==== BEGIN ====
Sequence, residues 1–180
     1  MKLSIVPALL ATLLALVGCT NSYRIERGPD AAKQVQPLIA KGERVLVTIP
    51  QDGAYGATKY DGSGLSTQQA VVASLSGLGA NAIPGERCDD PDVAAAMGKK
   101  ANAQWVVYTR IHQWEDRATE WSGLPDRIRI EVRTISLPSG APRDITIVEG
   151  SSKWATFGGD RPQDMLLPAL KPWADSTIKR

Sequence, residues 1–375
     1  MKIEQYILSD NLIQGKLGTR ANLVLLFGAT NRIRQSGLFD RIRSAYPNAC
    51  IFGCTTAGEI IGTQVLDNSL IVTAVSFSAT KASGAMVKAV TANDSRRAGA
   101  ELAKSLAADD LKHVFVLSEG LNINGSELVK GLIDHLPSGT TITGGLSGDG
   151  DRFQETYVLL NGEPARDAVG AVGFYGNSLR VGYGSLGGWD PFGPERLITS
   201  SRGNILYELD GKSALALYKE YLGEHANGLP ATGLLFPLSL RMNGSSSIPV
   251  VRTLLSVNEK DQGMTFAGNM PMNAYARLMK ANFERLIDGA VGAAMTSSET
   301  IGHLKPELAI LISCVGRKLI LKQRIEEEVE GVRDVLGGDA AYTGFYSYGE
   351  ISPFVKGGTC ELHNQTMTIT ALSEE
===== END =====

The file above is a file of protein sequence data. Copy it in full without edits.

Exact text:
Sequence, residues 1–180
     1  MKLSIVPALL ATLLALVGCT NSYRIERGPD AAKQVQPLIA KGERVLVTIP
    51  QDGAYGATKY DGSGLSTQQA VVASLSGLGA NAIPGERCDD PDVAAAMGKK
   101  ANAQWVVYTR IHQWEDRATE WSGLPDRIRI EVRTISLPSG APRDITIVEG
   151  SSKWATFGGD RPQDMLLPAL KPWADSTIKR

Sequence, residues 1–375
     1  MKIEQYILSD NLIQGKLGTR ANLVLLFGAT NRIRQSGLFD RIRSAYPNAC
    51  IFGCTTAGEI IGTQVLDNSL IVTAVSFSAT KASGAMVKAV TANDSRRAGA
   101  ELAKSLAADD LKHVFVLSEG LNINGSELVK GLIDHLPSGT TITGGLSGDG
   151  DRFQETYVLL NGEPARDAVG AVGFYGNSLR VGYGSLGGWD PFGPERLITS
   201  SRGNILYELD GKSALALYKE YLGEHANGLP ATGLLFPLSL RMNGSSSIPV
   251  VRTLLSVNEK DQGMTFAGNM PMNAYARLMK ANFERLIDGA VGAAMTSSET
   301  IGHLKPELAI LISCVGRKLI LKQRIEEEVE GVRDVLGGDA AYTGFYSYGE
   351  ISPFVKGGTC ELHNQTMTIT ALSEE